Local authority leaders should take up places on the new House of Commons Regional Committees as a step towards a big change in the way regional decision making is scrutinised. The call has come from the New Local Government Network, which has set out a number of measures it wants to see as the debate on the Government’s Sub-regional Review continues.
NLGN has published “The Age of Regions? Rethinking governance in England”, which has brought together leading figures in the debate in a series of essays that offer first reactions to the review as well as detailing the hopes an concerns of local and regional communities.
Contributors include former Local Government Minister Nick Raynsford, Labour MP Alison Seabeck and the Liberal democrat member Andrew Stunell as well as London mayor Ken Livingstone, Councillor Mick Henry from Gateshead, Sir Richard Leese and Howard Bernstein from Manchester and Conservative Peer Lord Hanningfield from Essex.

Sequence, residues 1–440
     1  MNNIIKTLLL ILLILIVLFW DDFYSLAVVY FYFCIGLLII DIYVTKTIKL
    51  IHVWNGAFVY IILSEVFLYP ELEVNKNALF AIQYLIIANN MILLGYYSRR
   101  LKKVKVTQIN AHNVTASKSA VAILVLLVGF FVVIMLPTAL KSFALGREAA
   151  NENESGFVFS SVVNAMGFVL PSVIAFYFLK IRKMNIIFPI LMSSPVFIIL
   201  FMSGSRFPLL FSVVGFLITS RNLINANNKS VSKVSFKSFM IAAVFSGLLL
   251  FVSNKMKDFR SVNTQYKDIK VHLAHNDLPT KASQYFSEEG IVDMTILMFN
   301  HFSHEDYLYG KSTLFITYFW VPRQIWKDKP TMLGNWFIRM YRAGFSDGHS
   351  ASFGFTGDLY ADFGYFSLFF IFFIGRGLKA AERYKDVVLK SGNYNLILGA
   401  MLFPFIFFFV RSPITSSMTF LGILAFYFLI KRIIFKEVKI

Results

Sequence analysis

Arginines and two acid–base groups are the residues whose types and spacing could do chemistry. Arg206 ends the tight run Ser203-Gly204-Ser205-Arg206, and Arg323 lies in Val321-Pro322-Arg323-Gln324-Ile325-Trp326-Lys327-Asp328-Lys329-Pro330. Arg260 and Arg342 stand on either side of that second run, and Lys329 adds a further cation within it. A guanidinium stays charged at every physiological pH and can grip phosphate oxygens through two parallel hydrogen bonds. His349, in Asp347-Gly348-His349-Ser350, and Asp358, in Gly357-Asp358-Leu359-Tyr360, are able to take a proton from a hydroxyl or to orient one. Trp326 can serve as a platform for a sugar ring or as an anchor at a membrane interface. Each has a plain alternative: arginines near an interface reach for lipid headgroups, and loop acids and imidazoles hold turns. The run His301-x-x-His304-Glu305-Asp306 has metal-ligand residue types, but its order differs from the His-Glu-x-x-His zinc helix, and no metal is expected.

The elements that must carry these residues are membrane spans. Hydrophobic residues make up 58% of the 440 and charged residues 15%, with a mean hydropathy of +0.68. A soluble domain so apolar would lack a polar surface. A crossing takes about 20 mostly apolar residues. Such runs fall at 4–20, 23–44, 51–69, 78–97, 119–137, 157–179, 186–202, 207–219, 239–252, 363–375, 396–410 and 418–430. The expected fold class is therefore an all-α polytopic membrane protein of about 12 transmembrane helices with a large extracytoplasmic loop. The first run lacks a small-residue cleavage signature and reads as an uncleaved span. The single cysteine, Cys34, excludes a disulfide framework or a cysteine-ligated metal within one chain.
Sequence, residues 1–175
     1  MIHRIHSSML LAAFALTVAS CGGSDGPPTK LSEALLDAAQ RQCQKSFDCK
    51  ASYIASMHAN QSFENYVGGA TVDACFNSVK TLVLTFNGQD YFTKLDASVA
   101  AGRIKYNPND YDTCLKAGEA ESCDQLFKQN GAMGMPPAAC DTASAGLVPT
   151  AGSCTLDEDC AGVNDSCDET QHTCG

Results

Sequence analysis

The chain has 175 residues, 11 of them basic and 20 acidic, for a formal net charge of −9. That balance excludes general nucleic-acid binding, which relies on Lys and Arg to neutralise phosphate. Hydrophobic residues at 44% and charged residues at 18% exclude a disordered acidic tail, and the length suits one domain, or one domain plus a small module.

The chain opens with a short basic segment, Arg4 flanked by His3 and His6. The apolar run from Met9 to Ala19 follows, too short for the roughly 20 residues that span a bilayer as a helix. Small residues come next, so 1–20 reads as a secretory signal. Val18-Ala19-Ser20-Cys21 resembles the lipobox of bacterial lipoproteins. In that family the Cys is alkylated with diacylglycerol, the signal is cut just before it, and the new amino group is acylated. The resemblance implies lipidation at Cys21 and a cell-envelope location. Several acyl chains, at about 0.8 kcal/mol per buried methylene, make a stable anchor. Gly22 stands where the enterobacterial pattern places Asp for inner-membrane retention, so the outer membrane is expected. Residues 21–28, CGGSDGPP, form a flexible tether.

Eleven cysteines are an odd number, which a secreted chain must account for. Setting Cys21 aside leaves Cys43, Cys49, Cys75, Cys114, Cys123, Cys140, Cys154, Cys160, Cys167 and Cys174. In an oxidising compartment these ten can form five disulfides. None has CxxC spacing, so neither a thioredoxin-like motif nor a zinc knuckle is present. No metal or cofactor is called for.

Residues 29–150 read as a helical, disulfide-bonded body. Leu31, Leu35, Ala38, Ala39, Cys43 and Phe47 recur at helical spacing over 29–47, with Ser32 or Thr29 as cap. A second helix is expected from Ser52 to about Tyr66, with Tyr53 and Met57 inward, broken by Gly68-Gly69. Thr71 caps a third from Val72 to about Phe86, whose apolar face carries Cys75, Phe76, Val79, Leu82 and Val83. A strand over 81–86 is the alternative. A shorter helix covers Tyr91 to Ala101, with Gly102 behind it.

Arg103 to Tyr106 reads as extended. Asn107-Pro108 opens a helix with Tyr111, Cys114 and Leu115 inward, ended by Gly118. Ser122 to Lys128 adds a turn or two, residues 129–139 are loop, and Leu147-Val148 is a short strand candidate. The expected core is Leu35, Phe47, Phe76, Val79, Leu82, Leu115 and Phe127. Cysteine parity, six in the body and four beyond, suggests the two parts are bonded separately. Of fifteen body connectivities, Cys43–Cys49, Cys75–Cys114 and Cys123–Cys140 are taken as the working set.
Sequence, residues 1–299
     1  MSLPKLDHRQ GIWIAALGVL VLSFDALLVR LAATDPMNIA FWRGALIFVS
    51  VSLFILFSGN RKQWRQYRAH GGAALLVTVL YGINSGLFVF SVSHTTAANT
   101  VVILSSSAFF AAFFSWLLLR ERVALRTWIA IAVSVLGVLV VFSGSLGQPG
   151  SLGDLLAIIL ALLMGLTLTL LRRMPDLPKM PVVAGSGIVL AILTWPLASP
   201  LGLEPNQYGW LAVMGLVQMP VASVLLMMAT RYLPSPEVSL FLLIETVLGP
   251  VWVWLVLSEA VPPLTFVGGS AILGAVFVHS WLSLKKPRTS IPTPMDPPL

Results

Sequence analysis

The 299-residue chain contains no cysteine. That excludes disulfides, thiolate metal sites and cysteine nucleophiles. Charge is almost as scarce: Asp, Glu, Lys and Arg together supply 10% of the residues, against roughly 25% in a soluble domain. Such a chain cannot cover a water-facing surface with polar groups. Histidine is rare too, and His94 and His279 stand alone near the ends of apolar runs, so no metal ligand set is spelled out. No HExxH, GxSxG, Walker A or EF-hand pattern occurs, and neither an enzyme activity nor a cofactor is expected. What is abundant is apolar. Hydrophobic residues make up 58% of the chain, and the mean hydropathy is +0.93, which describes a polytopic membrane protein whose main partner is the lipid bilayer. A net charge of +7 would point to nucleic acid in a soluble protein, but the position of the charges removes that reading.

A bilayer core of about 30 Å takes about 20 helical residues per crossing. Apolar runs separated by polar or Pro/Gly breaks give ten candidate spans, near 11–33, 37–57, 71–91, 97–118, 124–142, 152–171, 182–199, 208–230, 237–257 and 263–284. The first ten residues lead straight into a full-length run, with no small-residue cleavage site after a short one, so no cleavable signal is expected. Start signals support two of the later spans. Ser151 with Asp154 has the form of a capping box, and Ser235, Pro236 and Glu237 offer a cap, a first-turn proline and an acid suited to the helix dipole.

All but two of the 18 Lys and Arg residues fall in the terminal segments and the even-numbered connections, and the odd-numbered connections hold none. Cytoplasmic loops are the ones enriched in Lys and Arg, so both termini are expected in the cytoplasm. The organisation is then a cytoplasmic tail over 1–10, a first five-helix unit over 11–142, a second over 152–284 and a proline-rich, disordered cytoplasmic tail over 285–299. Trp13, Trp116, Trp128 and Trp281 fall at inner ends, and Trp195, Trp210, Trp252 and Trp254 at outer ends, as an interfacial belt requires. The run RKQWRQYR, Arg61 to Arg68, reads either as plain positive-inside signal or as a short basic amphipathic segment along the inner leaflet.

In the report, Chris Leslie, the Director of the NGLN, says, “The changes at Whitehall and Parliamentary level are important. But equal and balancing changes are now needed to galvanise local authority leaders into stronger ownership of the regional stage.”
As the debate went on, he said, he would be looking for a number of measures including co-opting local authority leaders onto the Regional Committees of Parliament because this could create a fusion between national and local elected representatives which would revolutionise the way regional decision-making was overseen. He also called for flexibility for council leaders to determine their own regional forum, statements from the new Regional Ministers on their ambitions and approach to the role and a decision on the budgets that would be devolved to any new sub-regional, city-region or ‘Multi Area Agreement’ groupings.